Build an Android App in Java: (4/4) Adding Route and Navigation in Mapbox SDK

Build an Android App in Java: (4/4) Adding Route and Navigation in Mapbox SDK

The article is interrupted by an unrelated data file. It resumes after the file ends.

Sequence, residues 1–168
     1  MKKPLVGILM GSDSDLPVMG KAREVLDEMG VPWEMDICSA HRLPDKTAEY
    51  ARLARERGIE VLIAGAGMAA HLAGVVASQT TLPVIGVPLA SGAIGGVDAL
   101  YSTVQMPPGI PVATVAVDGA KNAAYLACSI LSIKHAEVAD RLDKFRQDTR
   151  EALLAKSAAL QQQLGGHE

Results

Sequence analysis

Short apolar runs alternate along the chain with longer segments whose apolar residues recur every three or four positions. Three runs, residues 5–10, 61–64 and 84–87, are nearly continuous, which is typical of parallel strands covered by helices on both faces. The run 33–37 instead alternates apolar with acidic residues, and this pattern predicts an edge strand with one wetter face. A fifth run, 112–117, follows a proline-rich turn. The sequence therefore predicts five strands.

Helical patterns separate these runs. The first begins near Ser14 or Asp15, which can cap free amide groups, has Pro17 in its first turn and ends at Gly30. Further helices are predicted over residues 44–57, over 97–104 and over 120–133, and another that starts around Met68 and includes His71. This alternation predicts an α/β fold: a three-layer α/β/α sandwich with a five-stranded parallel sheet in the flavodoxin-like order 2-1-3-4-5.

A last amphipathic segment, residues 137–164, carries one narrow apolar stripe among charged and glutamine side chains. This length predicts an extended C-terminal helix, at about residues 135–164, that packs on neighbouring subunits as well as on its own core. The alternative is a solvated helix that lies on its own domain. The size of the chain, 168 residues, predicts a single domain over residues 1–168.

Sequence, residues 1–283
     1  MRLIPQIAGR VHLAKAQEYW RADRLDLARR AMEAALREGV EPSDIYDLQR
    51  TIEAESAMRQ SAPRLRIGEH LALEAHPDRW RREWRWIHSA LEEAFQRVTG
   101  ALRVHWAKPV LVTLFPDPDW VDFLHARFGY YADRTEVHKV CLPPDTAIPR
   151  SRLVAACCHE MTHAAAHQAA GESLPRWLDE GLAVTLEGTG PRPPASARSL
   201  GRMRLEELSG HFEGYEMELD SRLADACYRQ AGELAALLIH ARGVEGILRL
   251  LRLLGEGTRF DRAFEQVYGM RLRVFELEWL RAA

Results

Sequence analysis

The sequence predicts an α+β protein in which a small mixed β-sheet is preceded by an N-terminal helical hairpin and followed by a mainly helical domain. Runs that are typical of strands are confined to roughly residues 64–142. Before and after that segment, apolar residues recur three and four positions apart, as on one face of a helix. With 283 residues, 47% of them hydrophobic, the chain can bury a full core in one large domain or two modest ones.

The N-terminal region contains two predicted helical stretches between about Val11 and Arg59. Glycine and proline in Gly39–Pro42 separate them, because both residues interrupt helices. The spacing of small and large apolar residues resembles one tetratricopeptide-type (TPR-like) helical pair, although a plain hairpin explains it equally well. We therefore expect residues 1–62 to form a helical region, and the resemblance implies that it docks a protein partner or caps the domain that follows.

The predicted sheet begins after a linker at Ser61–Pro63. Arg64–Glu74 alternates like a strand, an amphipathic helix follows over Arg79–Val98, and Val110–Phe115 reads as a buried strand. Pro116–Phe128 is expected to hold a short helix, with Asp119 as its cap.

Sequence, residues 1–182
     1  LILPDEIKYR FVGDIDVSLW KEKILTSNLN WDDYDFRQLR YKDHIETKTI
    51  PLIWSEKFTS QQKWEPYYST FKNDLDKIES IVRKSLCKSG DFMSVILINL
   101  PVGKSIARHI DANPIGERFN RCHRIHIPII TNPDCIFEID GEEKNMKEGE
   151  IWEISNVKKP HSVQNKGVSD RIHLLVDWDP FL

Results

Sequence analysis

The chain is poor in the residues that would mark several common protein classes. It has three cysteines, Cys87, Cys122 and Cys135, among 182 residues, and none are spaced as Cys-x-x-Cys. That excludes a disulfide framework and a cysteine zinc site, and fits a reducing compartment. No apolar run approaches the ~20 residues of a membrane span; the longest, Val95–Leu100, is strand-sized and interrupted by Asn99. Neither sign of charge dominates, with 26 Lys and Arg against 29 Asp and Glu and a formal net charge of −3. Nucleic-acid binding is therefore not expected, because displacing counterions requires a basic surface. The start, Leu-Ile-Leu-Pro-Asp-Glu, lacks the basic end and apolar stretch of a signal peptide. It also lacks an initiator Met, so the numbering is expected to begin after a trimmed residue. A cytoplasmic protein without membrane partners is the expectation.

Hey everyone, welcome back to Johnny B. with devslopes.com and I got some more Mapbox fun for you in this lesson. We are going to work on our getting the route showing as well as the navigation turn-by-turn interface in. So this is where we left off in the last lesson. We are able to tap on our map and set markers and enable our Start Navigating button so let’s go ahead and jump right in and make it so that we can add that route overlay and then make it so that we can click on Start Navigating and show that awesome turn-by-turn navigation UI. Now, that may seem like a lot but with Mapbox it makes it so easy. So let’s get into it! First thing we are going to need to do is add a couple of dependencies into our project We are need we are going to need the navigation and the navigation UI dependencies. So I am just going to paste those in right here. And as you can see we are using the navigation and the navigation UI dependencies versions 0.13 currently, if you’re watching this in the future and there are newer versions go ahead and use those alright, and we are also going to have to bump down the appcompat to 27.0.2. Okay. I’m going to sync that, there we go. And now we have all of the classes that we are going to need so I’m going to jump back into Java folder into our main_activity file and we are going to need a new variable. So let’s go ahead and add that. We are going to need a navigation map route so that we can actually see our route and that is going to be of type NavigationMapRoute, okay? And this is the class that provides the runtime styling for the selected route that we see drawn on the map and we are going to call it navigationMapRoute. We’re also going to need a tag for some logs later on. So when I want to say private static final String TAG is equal to and we’ll just call it “MainActivity.” All right, so let’s go ahead and create that function for getting our route, okay? So we’re gonna call it right after or right when we click on a map so we are going to put that below onMapClick() here. So I’m gonna say private void And we’re going to call it getRoute(). So to generate the route we need to know where we’re starting and where we are finishing. So we are going to put in Point and origin and then Point and destination. Okay, and so those are the two parameters that we need for this function and then before I forget we are going to call the getRoute() function here when we click on the map so I’ll say getRoute() and then we will pass in the originPosition and the destinationPosition. All right, so here in the getRoute() function that we just created we are going to get our route and we do that using the NavigationRouteBuilder, okay, so I’m going to say Navigation Route.builder and then it needs a couple of parameters. I’m going to say .accessToken(), it needs to know what our token is. So I’m going to say Mapbox .getAccessToken() Then it’s going to need the origin. So I’m going to pass in the origin as well as the destination and then we are going to build it and then finally we are going to actually get the route. Okay? Mapbox uses Retrofit under the hood for their network calls. So I’m going to say new Callback() we’re going to need a callback here and make sure that you have the Retrofit 2 – I’m going to say Callback() and we’re going to be getting back a DirectionsResponse here in the onResponse() and this DirectionsResponse object has three parts to it: there is a code which is a string indicating the state of the response, there is a Waypoints array if your route has multiple stops along the way – waypoints and then what we are going to be working with most importantly is the Routes array which is an array of Route objects ordered by descending recommendation or rank And there can be at most two routes, okay? So here in the onResponse() call we’re going to be working with this response and the first thing that we want to do is make sure that we that we got a response back and that is not null Okay, so I’m going to say if (response .body==null) then we’re just going to jump right up out of here; we’re going to return and we’ll also go ahead and Log a message so I’m gonna say log.E and We will put TAG as our tag and then we’ll go ahead and give the message something like “No routes found. Check right user and access token.” The other thing that we want to do is check to make sure that we have at least one route so we’re gonna say else if (response.body.routes.size==0) so if there are no routes then we are also going to log and we’ll say log.E and TAG and then we’ll say something like “No routes found.” Now you may want to make a little bit more of a user-facing error handling right here; throw up an alert dialogue or a toast just so that they know that something is going wrong but for our purposes right now, this is fine. And then we will also return. Alright, so now that we know that we have at least one route, let’s go ahead and grab that from the body so I’m going to say Directions Route is – we’re going to name it currentRoute is equal to response .body.routes and we will get that first one because we want the one that is the highest-ranked for recommendation. All right, so now that we have our current route let’s go ahead and initialize our NavigationMapRoute that we made the variable for at the beginning of the lesson, this guy right here. Okay, so I’m going to say navigationMapRoute is equal to new Navigation MapRoute and we need to pass into it null for the navigation then we’re going to pass in the mapView and the map and then we can add our route to the navigationMapRoute so we can see navigationMapRoute.addRoute() and the route that we want to add is currentRoute. Now, this would work, but we’d get a crash because we could be – after we tap once – we could be adding multiple NavigationMapRoutes so what we need to do is have an if check so we’re going to say if the (navigationMapRoute !=null) then we are going to say navigationMapRoute. removeRoute() else then I’m going to take this line, cut it and paste it there. And just do a little bit of cleanup here, I think that looks good All right. So let’s handle the on failure. So if we are unsuccessful, then we’re just going to log it so I’m gonna say log.E, and I’m gonna say TAG and then our message will be “Error t. getMessage(). There we go! Alright, so let’s go ahead and test this. If all goes well we should be able to tap on our map, show a marker and then view the route overlay. All right, here we go… gonna tap and let’s see if we get a route overlay. Oh, there we go! Very nice! Let’s see, if I tap somewhere else, the previous one should be removed and a new one created. There we go All right. Wonderful So now we got the route overlay showing but if we click on Start Navigating, nothing’s happening still so let’s go ahead and fix that up here at the top in our onClickListener() where we launch the navigation UI this is amazingly simple. All we have to do is create some navigation launcher options and then launch the navigation UI. So we’re gonna say Navigation LauncherOptions and we’ll call those options and that is NavigationLauncherOptions.builder and then we need to give it the origin so I’m going to say originPosition, needs the destination, so destination Position and then we can use something called shouldSimulateRoute() and we can pass in true or false and what that will do is once we start the navigation UI it will actually simulate driving the route for us. So since I’m you know just sitting here in front of the computer and we would like to see some movement so I am going to simulate that route and later on when you can change that to false. Okay? So then I’m gonna say build. Alright and then final line all I got to do is say NavigationLauncher. startNavigation(), pass in our activity, which is MainActivity.this and then just pass in those options that we created and we should be good to go now. So I’m gonna run that again All right, so we’re going to tap, get us a destination and click on Start Navigating. Alright and here we go check it out so we got our map going I’m going to hold my device up to the microphone. See if you can hear the instructions How cool is that? You have the option to mute the instructions, the directions, you can also pull up let’s see here. Right below that sound icon. I’m going to tap here and you have options for, you know, sending information to the Mapbox system, you can let it know that the road closed or that this was a bad route and that will just serve to make Mapbox even better. Alright and check out everything that we get for practically free, you know, we wrote like six lines of code here I mean, really two – because this is all just a a chained line of code here and and you know, look at this you can do some really cool stuff here if you tap up here at the top you can see listed out the directions and you know, just some really awesome stuff that you get practically for free when you are using Mapbox. Alright, so this is this you know, this is the finished app. I hope you guys learned a lot and that you will definitely consider using Mapbox in all of your future apps that require location. All right, so this has been Johnny B. with devslopes. Hope you learned a lot and I will see you around!